Dropping a carried (but not worn) shield is a free action.
Manipulate an Item
In most cases, moving or manipulating an item is a move action.
This includes retrieving or putting away a stored item, picking up an item, moving a heavy object, and opening a door. Examples of this kind of action, along with whether they incur an attack of opportunity, are given in Table: Move Actions.
Direct or Redirect a Spell
Some spells allow you to redirect the effect to new targets or areas after you cast the spell. Redirecting a spell requires a move action and does not provoke attacks of opportunity or require concentration.
Mount/Dismount a Steed
Mounting or dismounting from a steed requires a move action.
Fast Mount or Dismount
You can mount or dismount as a free action with a DC 20 Ride check (your armor check penalty, if any, applies to this check). If you fail the check, mounting or dismounting is a move action instead. (You can’t attempt a fast mount or fast dismount unless you can perform the mount or dismount as a move action in the current round.)
A full-round action requires an entire round to complete. Thus, it can’t be coupled with a standard or a move action, though if it does not involve moving any distance, you can take a 5-foot step.
If you get more than one attack per round because your base attack bonus is high enough, because you fight with two weapons or a double weapon or for some special reason you must use a full-round action to get your additional attacks. You do not need to specify the targets of your attacks ahead of time. You can see how the earlier attacks turn out before assigning the later ones.
The only movement you can take during a full attack is a 5-foot step. You may take the step before, after, or between your attacks.
If you get multiple attacks because your base attack bonus is high enough, you must make the attacks in order from highest bonus to lowest. If you are using two weapons, you can strike with either weapon first. If you are using a double weapon, you can strike with either part of the weapon first.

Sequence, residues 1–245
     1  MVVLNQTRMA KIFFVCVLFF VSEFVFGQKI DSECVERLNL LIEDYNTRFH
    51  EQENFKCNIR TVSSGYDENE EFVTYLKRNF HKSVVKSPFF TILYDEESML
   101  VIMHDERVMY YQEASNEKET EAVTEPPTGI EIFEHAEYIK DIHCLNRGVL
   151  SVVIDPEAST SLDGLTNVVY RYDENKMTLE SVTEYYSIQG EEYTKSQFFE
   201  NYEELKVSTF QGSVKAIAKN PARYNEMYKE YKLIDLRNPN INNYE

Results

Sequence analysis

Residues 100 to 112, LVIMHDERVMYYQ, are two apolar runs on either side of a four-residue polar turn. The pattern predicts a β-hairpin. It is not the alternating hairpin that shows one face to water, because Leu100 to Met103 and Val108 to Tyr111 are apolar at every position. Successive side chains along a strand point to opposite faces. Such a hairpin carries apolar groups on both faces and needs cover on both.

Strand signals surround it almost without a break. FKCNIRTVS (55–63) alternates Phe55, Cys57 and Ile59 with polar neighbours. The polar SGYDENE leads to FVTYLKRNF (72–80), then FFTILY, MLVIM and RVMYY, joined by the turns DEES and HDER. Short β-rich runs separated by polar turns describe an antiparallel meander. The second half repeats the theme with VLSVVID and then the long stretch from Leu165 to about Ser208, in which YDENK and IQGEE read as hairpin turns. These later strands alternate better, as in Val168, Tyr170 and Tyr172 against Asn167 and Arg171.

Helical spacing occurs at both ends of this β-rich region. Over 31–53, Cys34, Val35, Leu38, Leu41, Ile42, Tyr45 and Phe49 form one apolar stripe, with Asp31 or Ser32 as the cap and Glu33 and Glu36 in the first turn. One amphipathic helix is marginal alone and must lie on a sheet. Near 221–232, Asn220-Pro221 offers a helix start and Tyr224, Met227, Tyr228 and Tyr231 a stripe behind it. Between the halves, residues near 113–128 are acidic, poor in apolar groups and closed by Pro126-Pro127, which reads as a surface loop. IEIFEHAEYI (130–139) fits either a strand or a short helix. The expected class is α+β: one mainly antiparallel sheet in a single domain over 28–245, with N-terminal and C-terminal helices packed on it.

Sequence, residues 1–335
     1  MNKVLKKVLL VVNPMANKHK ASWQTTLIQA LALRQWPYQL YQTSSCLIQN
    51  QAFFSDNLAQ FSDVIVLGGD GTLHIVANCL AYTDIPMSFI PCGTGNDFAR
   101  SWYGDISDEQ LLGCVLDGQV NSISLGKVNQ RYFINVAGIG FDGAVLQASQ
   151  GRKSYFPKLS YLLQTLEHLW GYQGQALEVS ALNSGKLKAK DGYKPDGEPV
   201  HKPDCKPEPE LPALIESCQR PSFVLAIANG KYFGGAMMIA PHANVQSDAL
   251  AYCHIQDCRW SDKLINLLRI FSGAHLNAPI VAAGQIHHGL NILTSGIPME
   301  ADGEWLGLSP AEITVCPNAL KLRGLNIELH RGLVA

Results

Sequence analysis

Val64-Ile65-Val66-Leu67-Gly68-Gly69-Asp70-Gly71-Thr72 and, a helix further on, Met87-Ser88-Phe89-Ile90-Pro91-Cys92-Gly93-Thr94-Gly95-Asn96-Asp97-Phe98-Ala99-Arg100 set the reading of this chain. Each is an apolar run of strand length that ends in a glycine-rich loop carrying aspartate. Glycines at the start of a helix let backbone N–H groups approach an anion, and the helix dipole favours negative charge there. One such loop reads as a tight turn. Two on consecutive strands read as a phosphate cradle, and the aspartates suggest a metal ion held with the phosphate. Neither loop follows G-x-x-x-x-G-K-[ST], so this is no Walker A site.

Deciding between an Attack or a Full Attack
After your first attack, you can decide to take a move action instead of making your remaining attacks, depending on how the first attack turns out. If you’ve already taken a 5-foot step, you can’t use your move action to move any distance, but you could still use a different kind of move action.
Fighting Defensively as a Full-Round Action
The extra attack granted by the Cleave feat or Great Cleave feat can be taken whenever they apply. This is an exception to the normal limit to the number of attacks you can take when not using a full attack action.
Cast a Spell
A spell that takes 1 round to cast is a full-round action. It comes into effect just before the beginning of your turn in the round after you began casting the spell. You then act normally after the spell is completed.
A spell that takes 1 minute to cast comes into effect just before your turn 1 minute later (and for each of those 10 rounds, you are casting a spell as a full-round action). These actions must be consecutive and uninterrupted, or the spell automatically fails.